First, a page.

UMass Dartmouth Reinstates Women’s Swimming & Diving Program

UMass Dartmouth, a Division III school located in Massachusetts, has reinstated its women’s swimming and diving and women’s tennis programs, two of eight programs the school announced it would be eliminating in July 2020. The decision is effective immediately, and comes after a review of the athletics program’s overall strategy as it relates to Title IX and the proportionality test.

The six other programs, including men’s swimming and diving, men’s tennis, women’s equestrian, men’s golf, men’s lacrosse, and co-ed sailing, were not reinstated.

From the press release:

The University’s July 2020 decision was based on outside reviews of the University’s intercollegiate athletics program to provide the best possible competitive and co-curricular experiences for student-athletes. The reviews analyzed major aspects of the current Department of Athletics & Recreation structure and metrics such as available resources, gender equity, enrollment, and facilities to formulate a long-term strategic plan for athletic competition at UMass Dartmouth.

“We will move quickly over the next week to meet with student-athletes and staff to ensure our intent is clear. Our commitment to enhance the quality and increase the number participating in our tennis and swimming/diving programs is a priority,” said Athletic Director Amanda Van Voorhis.

While the school did not allude to any specific Title IX litigation, and SwimSwam has not received any information about such litigation, the school’s press release says that the decision to reinstate 2 programs was made to “better align athletic participation opportunities for women with the female undergraduate population.”

Proportionality between the gender makeup of the student body and the number of athletics opportunities is one of the tests for an athletics department’s compliance with Title IX recommendations.

Several other women’s swimming programs have been reinstated after being cut amid a wave of pandemic-driven eliminations on the basis of Title IX arguments. That includes Dartmouth (no relation), where both the men’s and women’s programs were reinstated; East Carolina, where the women’s swimming & diving and tennis programs were reinstated; William & Mary, where the women’s swimming and eventually men’s swimming program were both reinstated; and the University of Iowa, where only the women’s program was reinstated.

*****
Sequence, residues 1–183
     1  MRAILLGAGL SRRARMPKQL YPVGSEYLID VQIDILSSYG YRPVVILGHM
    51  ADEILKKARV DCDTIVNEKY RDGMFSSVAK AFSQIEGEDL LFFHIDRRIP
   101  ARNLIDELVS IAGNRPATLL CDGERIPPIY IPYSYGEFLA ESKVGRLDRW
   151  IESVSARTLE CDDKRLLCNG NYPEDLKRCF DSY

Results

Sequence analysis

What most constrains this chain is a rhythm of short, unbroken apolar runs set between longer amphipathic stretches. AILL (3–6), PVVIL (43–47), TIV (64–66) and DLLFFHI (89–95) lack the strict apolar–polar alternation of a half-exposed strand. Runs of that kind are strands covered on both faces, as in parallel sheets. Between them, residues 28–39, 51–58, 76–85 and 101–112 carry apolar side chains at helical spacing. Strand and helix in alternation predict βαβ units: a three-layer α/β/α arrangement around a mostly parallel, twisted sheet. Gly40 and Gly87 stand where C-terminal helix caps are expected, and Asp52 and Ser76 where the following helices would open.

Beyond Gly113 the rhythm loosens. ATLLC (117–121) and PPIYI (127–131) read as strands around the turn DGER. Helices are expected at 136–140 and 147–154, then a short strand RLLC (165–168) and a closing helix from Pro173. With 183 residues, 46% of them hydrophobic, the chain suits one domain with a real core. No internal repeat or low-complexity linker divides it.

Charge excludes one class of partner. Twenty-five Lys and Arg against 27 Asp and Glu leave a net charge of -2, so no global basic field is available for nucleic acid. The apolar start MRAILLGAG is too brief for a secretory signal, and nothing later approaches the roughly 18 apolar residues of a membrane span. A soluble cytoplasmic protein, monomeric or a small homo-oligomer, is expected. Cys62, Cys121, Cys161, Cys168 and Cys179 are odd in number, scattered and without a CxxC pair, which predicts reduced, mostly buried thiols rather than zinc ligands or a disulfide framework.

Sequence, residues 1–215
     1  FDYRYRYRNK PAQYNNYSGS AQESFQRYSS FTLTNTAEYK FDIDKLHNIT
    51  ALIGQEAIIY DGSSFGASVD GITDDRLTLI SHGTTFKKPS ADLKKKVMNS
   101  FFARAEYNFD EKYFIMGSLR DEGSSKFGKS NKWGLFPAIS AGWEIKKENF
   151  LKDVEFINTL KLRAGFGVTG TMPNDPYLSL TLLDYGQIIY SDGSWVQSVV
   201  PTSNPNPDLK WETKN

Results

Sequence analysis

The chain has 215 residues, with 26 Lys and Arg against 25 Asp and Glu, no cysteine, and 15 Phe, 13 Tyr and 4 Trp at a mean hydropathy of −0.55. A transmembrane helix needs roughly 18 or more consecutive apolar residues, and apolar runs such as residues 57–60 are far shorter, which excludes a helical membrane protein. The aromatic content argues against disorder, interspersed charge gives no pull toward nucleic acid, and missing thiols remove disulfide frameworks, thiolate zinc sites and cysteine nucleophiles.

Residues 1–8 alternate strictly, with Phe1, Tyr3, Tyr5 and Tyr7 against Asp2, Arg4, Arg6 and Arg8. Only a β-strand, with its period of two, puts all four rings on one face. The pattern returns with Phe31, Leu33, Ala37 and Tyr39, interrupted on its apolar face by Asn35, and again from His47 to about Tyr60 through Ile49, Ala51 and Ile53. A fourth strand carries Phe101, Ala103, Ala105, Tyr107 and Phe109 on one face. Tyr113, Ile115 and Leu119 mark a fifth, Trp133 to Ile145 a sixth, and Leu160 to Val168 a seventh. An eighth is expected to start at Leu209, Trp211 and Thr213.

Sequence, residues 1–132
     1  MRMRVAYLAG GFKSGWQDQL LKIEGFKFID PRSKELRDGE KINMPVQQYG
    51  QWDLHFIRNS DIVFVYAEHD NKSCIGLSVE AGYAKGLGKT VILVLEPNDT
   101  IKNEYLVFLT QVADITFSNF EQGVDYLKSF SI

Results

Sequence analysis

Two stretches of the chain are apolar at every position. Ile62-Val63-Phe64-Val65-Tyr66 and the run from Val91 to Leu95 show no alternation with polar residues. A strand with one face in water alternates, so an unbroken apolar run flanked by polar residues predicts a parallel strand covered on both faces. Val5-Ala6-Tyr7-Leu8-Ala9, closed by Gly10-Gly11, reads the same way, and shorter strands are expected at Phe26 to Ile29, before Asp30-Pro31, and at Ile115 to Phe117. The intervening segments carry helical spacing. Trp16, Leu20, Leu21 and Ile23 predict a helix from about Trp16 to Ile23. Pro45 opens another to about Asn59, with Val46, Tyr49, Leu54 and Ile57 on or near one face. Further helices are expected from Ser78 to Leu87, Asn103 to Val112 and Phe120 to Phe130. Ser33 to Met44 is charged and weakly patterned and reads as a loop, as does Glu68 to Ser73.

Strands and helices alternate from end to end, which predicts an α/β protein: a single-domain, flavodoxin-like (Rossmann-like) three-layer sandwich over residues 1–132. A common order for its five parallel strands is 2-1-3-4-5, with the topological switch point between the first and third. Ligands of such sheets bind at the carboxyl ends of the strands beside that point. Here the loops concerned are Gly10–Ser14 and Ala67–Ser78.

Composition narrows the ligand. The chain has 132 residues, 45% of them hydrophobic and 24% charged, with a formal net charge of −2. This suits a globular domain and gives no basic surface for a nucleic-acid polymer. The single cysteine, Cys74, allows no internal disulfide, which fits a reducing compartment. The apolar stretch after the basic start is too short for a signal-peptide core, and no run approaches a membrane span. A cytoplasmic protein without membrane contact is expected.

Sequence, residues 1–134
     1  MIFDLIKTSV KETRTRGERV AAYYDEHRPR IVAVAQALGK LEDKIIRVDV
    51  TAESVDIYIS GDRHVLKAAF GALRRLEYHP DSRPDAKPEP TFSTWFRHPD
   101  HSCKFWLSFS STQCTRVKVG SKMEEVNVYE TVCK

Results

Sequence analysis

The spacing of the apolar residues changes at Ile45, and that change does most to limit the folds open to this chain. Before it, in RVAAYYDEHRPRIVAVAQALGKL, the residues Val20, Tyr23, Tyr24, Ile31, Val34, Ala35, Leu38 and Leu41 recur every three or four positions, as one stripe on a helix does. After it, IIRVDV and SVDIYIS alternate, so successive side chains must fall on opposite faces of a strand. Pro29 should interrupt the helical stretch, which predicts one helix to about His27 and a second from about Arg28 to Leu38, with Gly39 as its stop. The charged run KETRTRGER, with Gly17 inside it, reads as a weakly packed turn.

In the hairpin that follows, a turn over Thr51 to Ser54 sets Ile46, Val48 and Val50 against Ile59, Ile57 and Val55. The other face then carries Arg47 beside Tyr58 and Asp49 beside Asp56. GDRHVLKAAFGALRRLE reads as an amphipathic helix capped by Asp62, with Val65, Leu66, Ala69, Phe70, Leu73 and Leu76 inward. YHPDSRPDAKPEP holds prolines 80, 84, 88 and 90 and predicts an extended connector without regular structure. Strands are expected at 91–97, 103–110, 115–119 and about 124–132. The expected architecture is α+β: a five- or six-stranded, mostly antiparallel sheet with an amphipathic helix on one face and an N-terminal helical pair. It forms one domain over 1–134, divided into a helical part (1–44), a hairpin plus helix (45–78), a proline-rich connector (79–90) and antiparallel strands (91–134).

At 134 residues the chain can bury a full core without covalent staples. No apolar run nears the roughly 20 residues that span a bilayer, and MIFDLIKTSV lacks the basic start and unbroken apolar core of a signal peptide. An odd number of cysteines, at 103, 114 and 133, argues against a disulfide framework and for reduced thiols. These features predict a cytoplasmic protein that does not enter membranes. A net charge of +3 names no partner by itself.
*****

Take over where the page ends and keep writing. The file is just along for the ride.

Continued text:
According to government data, during the 2018-2019 season, the school had 11 female athletes on its swimming & diving team and 12 on its tennis team. During that season, the school had 284 athletes in its men’s varsity programs and 184 in its women’s varsity programs, meaning that female student-athletes made up less than 40% of the varsity athletes. That same data shows that female student-athletes make up 47.6% of the student body.

The cuts as they currently stand will result in females making up about 41.9% of the varsity athletes at the school. That’s still less than the makeup of the student body by the equivalent of about 18 roster spots.

The reinstatement of the women’s swimming & diving and tennis programs brings the school up to 19 intercollegiate athletic programs. The school does not have a football team.

Neither swimming & diving program participated in the 2020-2021 season. At the 2020 New England Swimming and Diving Championships, the UMass Dartmouth women finished 6th out of 21 teams, while the UMass Dartmouth men finished 5th out of 14 teams.

Leave a Reply

Notify of

oldest most voted
Inline Feedbacks
View all comments
2 years ago


olde coach
2 years ago

Why not both? One coach, very little overhead and some pretty recent pool renovations?

Gowdy Raines
2 years ago

Hell yeah. About damn time.

2 years ago

Loving this trend…

2 years ago

The cut and reinstate that all these schools are doing shows how BS any “proof” a school has on why they should cut is…

About Braden Keith

Braden Keith

Braden Keith is the Editor-in-Chief and a co-founder/co-owner of He first got his feet wet by building The Swimmers' Circle beginning in January 2010, and now comes to SwimSwam to use that experience and help build a new leader in the sport of swimming. Aside from his life on the InterWet, …

Read More »